Dennis Chambers, one of the world’s greatest drummers, is a genius. He not only plays great and as close to perfect as I’ve ever heard, but he has innovated an approach to the drum kit that is an evolution from what Steve Gadd was doing. Many drummers are great, but few innovate and reinvent the instrument. Dennis plays pure music on the drums, very melodic, not brash drumistic athleticism like a lot of good drummers. He’s got that too, but his playing seems to always have Bach or a kind of melody, like Max Roach, that makes good compositional sense. I was blessed to meet Dennis serendipitously at a bar in Columbus Ohio. Here’s what I asked him:
Dennis, that funk stuff you’ve got going on with the weaving snare ghost notes, plus the snare accents, plus the kick drum plus the ride cymbal woven with the occasional non-patterned bell of the ride, did you develop that before or after George Clinton and P-funk?
“I had that stuff down BEFORE P-funk!”
That’s an amazing answer because it means he had developed his breathtaking coordination when very young. It’s difficult to hear that intricate coordination he does on P-funk records because it’s pure simple disco funk beats, more or less, with very little fills. So it makes sense he developed that amazing style of playing before P-funk. I will speculate here and say I’m not sure he could’ve developed such magical coordination playing in P-funk: the band was huge and in huge bands drummers must play more simple so everything can be heard. Simple helps the groove but rarely develops extreme coordination. The recordings change drastically when you check out Dennis with John Scofield, ah, now his playing opens up and one can hear all the subtleties of his playing. This was the band that introduced Dennis to the jazz and fusion world, with the album Blue Matter. When I heard that I thought the sky had fallen, heaven had come down from above. The drums would never be the same again. My practicing changed drastically after I heard Dennis!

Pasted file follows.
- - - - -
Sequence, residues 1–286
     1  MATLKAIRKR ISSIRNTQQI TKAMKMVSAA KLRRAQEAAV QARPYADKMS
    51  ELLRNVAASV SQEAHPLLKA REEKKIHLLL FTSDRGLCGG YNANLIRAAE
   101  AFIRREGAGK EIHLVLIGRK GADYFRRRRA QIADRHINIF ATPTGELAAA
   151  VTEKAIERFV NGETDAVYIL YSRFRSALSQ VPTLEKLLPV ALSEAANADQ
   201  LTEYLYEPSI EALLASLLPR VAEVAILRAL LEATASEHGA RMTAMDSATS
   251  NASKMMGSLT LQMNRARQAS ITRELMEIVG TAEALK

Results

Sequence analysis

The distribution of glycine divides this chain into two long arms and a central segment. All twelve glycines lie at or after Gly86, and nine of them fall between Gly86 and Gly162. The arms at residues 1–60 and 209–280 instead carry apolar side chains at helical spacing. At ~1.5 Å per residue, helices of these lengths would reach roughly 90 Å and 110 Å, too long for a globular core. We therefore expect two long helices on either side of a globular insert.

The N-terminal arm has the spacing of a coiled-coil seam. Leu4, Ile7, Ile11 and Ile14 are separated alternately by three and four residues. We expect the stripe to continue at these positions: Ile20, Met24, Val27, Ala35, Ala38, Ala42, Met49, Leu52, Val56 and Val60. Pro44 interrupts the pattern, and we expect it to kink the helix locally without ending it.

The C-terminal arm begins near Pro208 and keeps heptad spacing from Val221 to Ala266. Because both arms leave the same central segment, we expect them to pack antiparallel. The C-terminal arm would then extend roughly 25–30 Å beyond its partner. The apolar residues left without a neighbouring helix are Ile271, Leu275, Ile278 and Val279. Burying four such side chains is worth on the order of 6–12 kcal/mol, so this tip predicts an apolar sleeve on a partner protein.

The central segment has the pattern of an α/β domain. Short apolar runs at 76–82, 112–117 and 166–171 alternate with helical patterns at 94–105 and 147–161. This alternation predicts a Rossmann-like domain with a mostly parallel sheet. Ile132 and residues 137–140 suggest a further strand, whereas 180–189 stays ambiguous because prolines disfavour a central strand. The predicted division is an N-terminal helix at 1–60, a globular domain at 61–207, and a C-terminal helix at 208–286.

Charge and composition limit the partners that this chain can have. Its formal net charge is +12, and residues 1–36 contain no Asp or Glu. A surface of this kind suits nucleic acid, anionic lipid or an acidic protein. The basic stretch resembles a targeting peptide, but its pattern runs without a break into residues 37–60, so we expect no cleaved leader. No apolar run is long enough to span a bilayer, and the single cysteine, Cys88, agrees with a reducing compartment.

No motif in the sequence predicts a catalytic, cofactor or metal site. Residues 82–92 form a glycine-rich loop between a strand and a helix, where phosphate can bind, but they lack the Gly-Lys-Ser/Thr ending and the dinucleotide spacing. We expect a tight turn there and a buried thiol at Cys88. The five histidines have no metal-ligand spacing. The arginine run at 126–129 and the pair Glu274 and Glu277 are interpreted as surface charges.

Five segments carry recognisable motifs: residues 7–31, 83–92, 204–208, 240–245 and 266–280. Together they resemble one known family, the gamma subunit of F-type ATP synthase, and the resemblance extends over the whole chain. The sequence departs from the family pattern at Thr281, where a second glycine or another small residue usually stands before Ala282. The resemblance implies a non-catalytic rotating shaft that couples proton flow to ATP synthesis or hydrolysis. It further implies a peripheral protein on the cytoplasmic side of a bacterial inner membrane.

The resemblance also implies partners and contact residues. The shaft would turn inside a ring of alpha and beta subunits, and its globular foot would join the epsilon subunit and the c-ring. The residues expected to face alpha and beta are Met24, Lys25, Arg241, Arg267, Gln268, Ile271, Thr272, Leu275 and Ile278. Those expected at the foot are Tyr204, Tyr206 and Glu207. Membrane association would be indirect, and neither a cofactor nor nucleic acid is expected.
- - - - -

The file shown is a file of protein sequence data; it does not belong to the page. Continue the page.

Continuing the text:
“Are you ambidextrous?”, I asked Dennis. “Yes.”
The grand gem of the discussion I had with Dennis blew my mind. It would be wrong of me not to share what he said. Here is a gift for the world and for all artists to consider:
“My mom told me that of all the great qualities a person could have, the greatest quality is to be honest with yourself.”
Thank you Dennis for sharing that incredible wisdom from your mother to me.
I am so excited. I am going to see a legend in drumming tonight, Eric Gravatt, play with McCoy Tyner at the Regattabar in Cambridge MA. In the 1970’s he became one of the greatest drummers in demand for jazz music, playing with Freddie Hubbard, Weather Report, McCoy Tyner and many others. He had such a groove, beautiful swing, gut-feeling polyrhythmic fills and incredible swooping dynamics.
After having such success being one of the greatest drummers in the world, Gravatt dropped out of the scene to support his family and gain financial stability. What a dad! He became a nightshift prison guard in Missouri for almost twenty years.
He had a serious effect on drummers Terry Bozzio, Vinnie Colaiuta, Tony Williams, Jack DeJohnette and countless others. Joe Zawinul once said in an interview that of all the great drummers he had played with, Eric Gravatt was the best, the most profound. That says a heck of a lot about a person, because Zawinul has played with the best of the best.
I never thought I’d get a chance to see Gravatt live in concert. What an opportunity! I know that having expectations is not wise but I cannot help myself. I believe Gravatt is going to turn my head around and inspire me in new ways. I hope so.